As for Mary Shelley, not much needs to be said. As a genre that is influenced by Victorian gothorama the creation of intelligent and artificial life abounds in Steampunk literature. The main difference between Shelley’s Frankenstein monster and the modern “Frankenstein monsters” is that they aren’t generally made out of scavenged corpses. They are more “sophisticated”, a consiousness implanted in an artificial body, or a robot (mainly powered by clockwork and/or steam, obviously) that is programmed to perform a set of functions that give it realistic human traits. If the reader is interested in artificial life and its portrayal in movies/literature, I would reccomend they go see Metropolis, one of my person favorites which I’ll probably grant a post or two later, its a great early Science Fiction movie.

Early Steampunk- Michael Moorcock

Michael Moorcock is an English Sci-fi/Fantasy writer whose 1971 book Warlord of the Air could be called early Steampunk fiction. It is an alternative history of the world where World War One never happened and the Earth is dominated by Empires such as the British Empire. The beginning of the book is set in Edwardian England where the protagonist becomes lost in India following a skirmish with natives. He awakes in 1973, understandably confused. He soon falls in with the Anarchists who oppose the Imperialist and Colonialist ideals of the Empire and seek to bring an end to the rigid social structure of the time. I don’t want to give away the ending of the book, but I will say it is quite a twist. This book is the first in a 3 part series written by Moorcock, the other two titled The Land Leviathan and The Steel Tzar. Alternate histories are a common convention used in Steampunk fiction, and Moorcock’s Warlord of the Air is an excellent example.

“The Triad”

I have referred to the below three writers as “The Triad” because it was these three who perhaps had the greatest effect on making Steampunk an actual literary sub-genre. The term Steampunk was first used by author K.W. Jeter in reference of his work as well as that of his two friends, Tim Powers and James P. Blaylock. Interestingly, apart from all going to College together, they all were mentored by Philip K. Dick, the author of Do Androids Dream of Electic Sheep, better known as Bladerunner, which he dedicated to Tim Powers and his wife.

K.W. Jeter

The two texts that I will refer to in this post are the ones that are usually referred to as Steampunk. His 1979 novel Morlock Night is a sequel to H.G. Wells’ The Time Machine. In this novel, the Morlocks somehow steal the Time Machine and use it to terrorize Victorian London. This novel is widely considered to be one of the first examples of Steampunk fiction. Infernal Devices (1987) is an interesting and slightly bizarre novel set in Victorian England. It relates the unfortunate adventures of George the watchmaker that rotate around the strange clockwork devices his late father created. In his adventures he encounters an automaton, an almost duplicate of George himself that posesses greater sexual abilities than the real George and a surprising competence in the violin. Again, this “monster”, whilst incorporating some of the aspects of Mary Shelley’s monster is decidedly Steampunk in excecution.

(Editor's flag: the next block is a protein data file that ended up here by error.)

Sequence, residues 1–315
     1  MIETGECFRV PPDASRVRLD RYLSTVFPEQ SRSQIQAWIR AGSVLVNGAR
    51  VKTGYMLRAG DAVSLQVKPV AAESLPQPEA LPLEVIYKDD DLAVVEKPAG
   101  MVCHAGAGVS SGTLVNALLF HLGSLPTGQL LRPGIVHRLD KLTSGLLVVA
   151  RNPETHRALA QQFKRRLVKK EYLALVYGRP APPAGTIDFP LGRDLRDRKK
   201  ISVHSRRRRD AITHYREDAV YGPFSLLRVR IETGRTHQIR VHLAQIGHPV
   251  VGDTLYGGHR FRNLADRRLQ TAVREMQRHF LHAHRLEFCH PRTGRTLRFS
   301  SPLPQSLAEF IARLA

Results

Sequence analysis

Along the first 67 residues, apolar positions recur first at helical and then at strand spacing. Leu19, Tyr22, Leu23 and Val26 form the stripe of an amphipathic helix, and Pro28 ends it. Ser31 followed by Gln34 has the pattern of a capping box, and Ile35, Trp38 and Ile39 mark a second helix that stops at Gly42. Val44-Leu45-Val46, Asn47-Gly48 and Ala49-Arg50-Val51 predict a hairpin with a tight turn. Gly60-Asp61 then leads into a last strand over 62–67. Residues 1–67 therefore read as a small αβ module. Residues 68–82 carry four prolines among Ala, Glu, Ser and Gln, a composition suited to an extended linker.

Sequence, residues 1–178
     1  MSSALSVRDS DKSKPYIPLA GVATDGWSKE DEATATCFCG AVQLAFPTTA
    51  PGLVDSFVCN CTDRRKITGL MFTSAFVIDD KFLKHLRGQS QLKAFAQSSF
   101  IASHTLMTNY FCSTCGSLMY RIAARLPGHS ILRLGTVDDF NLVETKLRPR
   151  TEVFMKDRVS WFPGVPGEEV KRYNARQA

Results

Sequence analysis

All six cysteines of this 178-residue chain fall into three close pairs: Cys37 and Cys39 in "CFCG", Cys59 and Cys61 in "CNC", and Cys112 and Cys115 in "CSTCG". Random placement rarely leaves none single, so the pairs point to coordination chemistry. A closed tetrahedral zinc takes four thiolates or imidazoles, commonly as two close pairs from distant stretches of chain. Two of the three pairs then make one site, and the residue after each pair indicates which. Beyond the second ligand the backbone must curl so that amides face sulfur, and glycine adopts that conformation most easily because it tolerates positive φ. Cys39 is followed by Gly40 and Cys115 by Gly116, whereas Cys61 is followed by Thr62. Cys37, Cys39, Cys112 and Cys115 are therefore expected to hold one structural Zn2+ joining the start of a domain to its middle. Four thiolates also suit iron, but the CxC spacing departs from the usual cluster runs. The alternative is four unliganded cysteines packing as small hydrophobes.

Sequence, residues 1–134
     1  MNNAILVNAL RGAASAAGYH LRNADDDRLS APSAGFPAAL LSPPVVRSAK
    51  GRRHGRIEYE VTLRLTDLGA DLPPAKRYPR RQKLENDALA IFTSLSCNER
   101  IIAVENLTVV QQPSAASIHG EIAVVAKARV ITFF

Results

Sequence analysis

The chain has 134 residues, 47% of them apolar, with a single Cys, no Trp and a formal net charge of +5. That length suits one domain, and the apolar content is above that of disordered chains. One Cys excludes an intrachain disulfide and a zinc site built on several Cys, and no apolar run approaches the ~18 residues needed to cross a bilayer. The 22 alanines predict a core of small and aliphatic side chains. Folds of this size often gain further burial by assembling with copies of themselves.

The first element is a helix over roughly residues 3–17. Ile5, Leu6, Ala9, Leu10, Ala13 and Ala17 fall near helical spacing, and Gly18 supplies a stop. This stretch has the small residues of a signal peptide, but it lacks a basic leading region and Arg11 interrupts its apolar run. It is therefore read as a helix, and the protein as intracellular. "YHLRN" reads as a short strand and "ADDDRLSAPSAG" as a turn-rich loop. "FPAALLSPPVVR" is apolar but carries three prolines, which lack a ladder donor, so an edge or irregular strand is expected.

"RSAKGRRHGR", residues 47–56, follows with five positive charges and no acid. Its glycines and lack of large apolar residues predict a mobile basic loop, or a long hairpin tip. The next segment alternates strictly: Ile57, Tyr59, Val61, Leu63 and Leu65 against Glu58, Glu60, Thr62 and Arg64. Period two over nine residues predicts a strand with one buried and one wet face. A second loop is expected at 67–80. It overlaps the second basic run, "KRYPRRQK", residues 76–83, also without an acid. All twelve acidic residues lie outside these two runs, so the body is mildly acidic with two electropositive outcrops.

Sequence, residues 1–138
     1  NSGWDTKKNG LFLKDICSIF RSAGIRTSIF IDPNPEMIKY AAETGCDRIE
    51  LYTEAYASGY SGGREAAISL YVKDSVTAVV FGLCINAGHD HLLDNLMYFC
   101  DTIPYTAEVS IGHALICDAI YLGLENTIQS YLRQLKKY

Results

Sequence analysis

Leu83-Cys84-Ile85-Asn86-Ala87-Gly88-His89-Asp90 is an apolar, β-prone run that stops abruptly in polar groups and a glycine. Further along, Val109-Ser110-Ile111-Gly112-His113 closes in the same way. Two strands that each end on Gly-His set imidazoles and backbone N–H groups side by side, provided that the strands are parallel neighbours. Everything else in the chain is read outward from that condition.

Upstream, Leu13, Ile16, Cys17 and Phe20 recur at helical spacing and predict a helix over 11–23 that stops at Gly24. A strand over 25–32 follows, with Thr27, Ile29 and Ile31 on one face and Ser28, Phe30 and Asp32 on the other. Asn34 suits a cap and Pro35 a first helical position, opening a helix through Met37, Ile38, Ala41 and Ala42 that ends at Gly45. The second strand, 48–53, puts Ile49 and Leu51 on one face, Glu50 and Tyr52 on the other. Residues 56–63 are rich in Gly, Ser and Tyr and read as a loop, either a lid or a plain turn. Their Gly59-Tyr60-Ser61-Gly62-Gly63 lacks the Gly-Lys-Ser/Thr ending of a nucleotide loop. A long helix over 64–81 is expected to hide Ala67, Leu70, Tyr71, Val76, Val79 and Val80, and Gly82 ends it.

Tim Powers

The Anubis Gates written in 1983 is a bit different to previously mentioned works as it has a bit more Fantasy aspects than the others, involving the use of magic. The Drawing of the Dark, his 1979 novel gives us an alternate history to the seige of Vienna, and is referred to as Steampunk more often than Anubis Gates.

James P. Blaylock

Blaylock’s contribution to this genre is The Narbondo Series, in which all but the first are set in Victorian London. The Protagonist Langdon St. Ives attempts to foil his hunch backed nemesis, Dr. Ignacio Narbondo, and his plans to destroy the world. Think Sherlock Holmes and Dr. Moriarty type stuff. Blaylock is probably my favorite early Steampunk writer, as his work is fast-paced and witty, the characters are believable and the machines are excitingly improbable.

So there you have it. Steampunk literature is a growing sub-genre still, with Scott Westerfeld and Michael Pryor being some of the most recent authors to have a go at this wonderfully creative genre. If you have enjoyed this article, please post a comment, and if you have questions please post as well, as I would be most delighted to answer. Also if you have anything you would like to see on this site, comment as well.

Until my next transmission,

Captain R. Cook

Posted in Literature | 1 Comment